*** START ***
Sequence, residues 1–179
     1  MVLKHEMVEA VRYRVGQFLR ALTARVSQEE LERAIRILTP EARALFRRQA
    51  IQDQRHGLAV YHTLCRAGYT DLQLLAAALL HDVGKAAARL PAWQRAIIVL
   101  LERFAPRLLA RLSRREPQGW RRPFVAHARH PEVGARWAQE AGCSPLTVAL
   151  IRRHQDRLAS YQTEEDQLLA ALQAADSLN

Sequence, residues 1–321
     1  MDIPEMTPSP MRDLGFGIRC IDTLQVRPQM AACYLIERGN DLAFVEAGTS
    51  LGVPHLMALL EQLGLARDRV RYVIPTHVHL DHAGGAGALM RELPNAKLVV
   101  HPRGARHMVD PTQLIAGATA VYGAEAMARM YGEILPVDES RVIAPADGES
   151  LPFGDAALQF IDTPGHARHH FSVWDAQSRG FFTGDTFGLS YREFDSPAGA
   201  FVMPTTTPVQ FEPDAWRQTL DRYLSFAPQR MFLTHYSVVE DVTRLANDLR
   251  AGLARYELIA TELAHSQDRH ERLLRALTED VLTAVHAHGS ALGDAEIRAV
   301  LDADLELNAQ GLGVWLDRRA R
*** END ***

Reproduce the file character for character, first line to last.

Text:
Sequence, residues 1–179
     1  MVLKHEMVEA VRYRVGQFLR ALTARVSQEE LERAIRILTP EARALFRRQA
    51  IQDQRHGLAV YHTLCRAGYT DLQLLAAALL HDVGKAAARL PAWQRAIIVL
   101  LERFAPRLLA RLSRREPQGW RRPFVAHARH PEVGARWAQE AGCSPLTVAL
   151  IRRHQDRLAS YQTEEDQLLA ALQAADSLN

Sequence, residues 1–321
     1  MDIPEMTPSP MRDLGFGIRC IDTLQVRPQM AACYLIERGN DLAFVEAGTS
    51  LGVPHLMALL EQLGLARDRV RYVIPTHVHL DHAGGAGALM RELPNAKLVV
   101  HPRGARHMVD PTQLIAGATA VYGAEAMARM YGEILPVDES RVIAPADGES
   151  LPFGDAALQF IDTPGHARHH FSVWDAQSRG FFTGDTFGLS YREFDSPAGA
   201  FVMPTTTPVQ FEPDAWRQTL DRYLSFAPQR MFLTHYSVVE DVTRLANDLR
   251  AGLARYELIA TELAHSQDRH ERLLRALTED VLTAVHAHGS ALGDAEIRAV
   301  LDADLELNAQ GLGVWLDRRA R